Minneapolis invests in chargers for electric cars

A federal grant would provide up to 25 electric-car charging stations.
By
  • Jessica Lee
September 19, 2012

A Minneapolis City Council committee approved a grant Monday that would provide up to 25 electric-car charging stations in downtown Minneapolis parking ramps.

The Ways and Means Committee approved the $220,000 state grant, a combined effort with the Minnesota Pollution Control Agency. Minneapolis and the Minnesota Department of Transportation would pay $55,000 in matching funds, pending approval by the full council Friday.

Up to 25 charging stations would go in downtown Minneapolis ramps.

Thirteen stations are planned for the A Ramp, and four are planned for the B Ramp — both near Target Field. Four stations are expected to be installed at the Jerry Haaf Memorial Ramp near City Hall and four at the Leamington Parking Ramp near the downtown Hilton.

City of Minneapolis spokesman Casper Hill said the number of stations is subject to change.

The chargers are part of a push to get more electric cars on the road.

“It’s the story of which came first, the chicken or the egg?” said ReGo Electric Conversions general manager Garrett Ferderber.

“If there’s a low amount of electric-car charging stations available, people’s desire to buy electric cars won’t be very high,” he said. “But if there aren’t many electric cars on the road, that means there’s less need for the charging stations.”

ReGo is a Minneapolis-based business dedicated to converting existing hybrid vehicles into plug-in hybrid vehicles.

“We’ve laid the groundwork, voiced our opinions and pushed for more [charging] stations,” Ferderber said. “But we can’t directly make that happen. It’s the MPCA and City Council.”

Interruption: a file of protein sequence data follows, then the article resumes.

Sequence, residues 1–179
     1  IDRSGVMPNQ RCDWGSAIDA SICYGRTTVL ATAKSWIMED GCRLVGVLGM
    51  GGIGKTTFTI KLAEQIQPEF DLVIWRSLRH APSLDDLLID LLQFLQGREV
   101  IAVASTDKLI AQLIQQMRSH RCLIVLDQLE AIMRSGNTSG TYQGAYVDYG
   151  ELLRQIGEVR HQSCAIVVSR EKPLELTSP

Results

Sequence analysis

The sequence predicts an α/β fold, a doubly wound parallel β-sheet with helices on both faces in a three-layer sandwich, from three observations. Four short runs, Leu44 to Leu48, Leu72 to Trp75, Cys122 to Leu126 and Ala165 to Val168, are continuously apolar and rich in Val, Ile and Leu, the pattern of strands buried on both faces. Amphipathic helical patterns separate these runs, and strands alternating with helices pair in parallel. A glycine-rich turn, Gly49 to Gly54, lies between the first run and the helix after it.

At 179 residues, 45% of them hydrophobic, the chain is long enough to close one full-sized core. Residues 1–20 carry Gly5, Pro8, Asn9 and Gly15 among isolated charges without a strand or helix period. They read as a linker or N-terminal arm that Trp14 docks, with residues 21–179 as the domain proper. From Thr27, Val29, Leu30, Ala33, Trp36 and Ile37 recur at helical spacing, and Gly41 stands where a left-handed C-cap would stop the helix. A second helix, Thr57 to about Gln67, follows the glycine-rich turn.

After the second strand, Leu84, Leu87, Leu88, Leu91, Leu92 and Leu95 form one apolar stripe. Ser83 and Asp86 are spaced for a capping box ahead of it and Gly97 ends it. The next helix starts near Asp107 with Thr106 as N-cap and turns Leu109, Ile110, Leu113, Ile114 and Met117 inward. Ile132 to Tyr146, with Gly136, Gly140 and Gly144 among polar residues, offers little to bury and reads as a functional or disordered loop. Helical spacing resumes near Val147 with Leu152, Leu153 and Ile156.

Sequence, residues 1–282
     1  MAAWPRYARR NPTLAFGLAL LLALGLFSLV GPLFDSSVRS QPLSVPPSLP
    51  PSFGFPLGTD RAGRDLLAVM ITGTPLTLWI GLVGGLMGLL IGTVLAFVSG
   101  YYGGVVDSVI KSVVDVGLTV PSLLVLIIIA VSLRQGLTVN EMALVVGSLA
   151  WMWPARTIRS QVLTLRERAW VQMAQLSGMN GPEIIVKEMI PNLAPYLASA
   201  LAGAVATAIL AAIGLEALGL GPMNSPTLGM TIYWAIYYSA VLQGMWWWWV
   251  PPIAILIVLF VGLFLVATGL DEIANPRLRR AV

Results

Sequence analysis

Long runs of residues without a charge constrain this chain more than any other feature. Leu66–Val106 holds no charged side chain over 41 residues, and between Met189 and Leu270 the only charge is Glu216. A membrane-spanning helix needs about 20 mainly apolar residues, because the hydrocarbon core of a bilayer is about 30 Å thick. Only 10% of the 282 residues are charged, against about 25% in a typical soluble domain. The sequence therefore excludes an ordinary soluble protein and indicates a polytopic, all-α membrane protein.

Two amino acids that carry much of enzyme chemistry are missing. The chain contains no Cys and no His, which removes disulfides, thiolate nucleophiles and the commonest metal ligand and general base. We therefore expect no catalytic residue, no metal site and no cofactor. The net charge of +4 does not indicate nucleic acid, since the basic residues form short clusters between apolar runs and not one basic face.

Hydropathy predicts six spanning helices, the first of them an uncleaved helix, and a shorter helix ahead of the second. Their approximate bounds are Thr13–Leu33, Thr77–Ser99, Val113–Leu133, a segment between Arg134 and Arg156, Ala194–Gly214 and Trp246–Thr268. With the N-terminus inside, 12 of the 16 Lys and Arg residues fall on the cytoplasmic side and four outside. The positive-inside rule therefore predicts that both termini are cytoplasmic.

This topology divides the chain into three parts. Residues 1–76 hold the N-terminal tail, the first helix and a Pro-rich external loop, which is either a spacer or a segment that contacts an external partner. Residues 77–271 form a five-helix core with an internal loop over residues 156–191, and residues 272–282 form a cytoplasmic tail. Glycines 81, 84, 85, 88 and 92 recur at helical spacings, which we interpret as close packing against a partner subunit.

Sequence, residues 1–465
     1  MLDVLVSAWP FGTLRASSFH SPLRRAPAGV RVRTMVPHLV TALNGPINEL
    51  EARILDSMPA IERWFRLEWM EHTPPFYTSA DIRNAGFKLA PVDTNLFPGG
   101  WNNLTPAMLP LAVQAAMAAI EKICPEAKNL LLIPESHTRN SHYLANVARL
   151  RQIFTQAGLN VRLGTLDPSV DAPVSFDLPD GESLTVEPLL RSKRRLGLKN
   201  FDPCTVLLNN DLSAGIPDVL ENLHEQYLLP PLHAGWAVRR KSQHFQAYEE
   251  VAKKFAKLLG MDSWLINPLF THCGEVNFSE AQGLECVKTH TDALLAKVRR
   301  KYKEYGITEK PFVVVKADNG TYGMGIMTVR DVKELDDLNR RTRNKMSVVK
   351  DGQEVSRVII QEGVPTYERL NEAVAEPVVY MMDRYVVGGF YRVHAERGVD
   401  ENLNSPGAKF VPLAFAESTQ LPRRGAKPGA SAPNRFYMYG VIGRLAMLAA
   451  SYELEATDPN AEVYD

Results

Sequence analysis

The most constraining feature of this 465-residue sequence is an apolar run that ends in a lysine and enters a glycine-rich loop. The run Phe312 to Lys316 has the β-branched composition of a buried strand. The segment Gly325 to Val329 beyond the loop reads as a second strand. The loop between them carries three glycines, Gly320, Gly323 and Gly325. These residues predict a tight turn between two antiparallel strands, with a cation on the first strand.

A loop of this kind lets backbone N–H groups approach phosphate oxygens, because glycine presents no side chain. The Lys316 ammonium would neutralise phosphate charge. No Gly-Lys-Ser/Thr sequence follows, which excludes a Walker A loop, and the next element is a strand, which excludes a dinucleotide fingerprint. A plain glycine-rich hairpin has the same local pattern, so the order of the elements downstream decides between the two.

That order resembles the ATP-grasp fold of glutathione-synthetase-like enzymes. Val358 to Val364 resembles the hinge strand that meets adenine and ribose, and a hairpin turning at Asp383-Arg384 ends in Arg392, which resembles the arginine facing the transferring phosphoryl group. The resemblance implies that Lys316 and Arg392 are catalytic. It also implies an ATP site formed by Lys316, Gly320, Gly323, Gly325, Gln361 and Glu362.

Minneapolis isn’t the first city to invest in electric cars, said Fran Crotty, a renewable energy and alternative fuels team leader for the MPCA who talks to citizens and businesses, like ReGo, about station availability.

“There are cities all around making significant investments and commitments greater than the Twin Cities,” City Councilwoman Elizabeth Glidden said. “There are cities out there with more aggressive goals to change the market.”

In 2008, President Barack Obama said he wanted at least 1 million electric cars in the U.S. by 2015.

Glidden said the new charging stations in Minneapolis are a way the city’s “jumping on board” with the national movement of electric cars.

She said she doesn’t “expect to see the market change in the first day,” but Minneapolis is “very fortunate to have grant money funded to help stimulate the market.”

The installation of the new charging stations is an example of the cities’ effort to bring more electric-car manufacturers to the state, Glidden said.

“Manufacturers will come forth over time,” she said. “It’s all about laying the groundwork now.”

The Jerry Haaf ramp already has three charging stations where ramp patrons charge their cars for free after paying for parking.

Crotty said the stations “will prepare us for what’s to come.”

“I’m starting to see electric cars on the street, which is great.”

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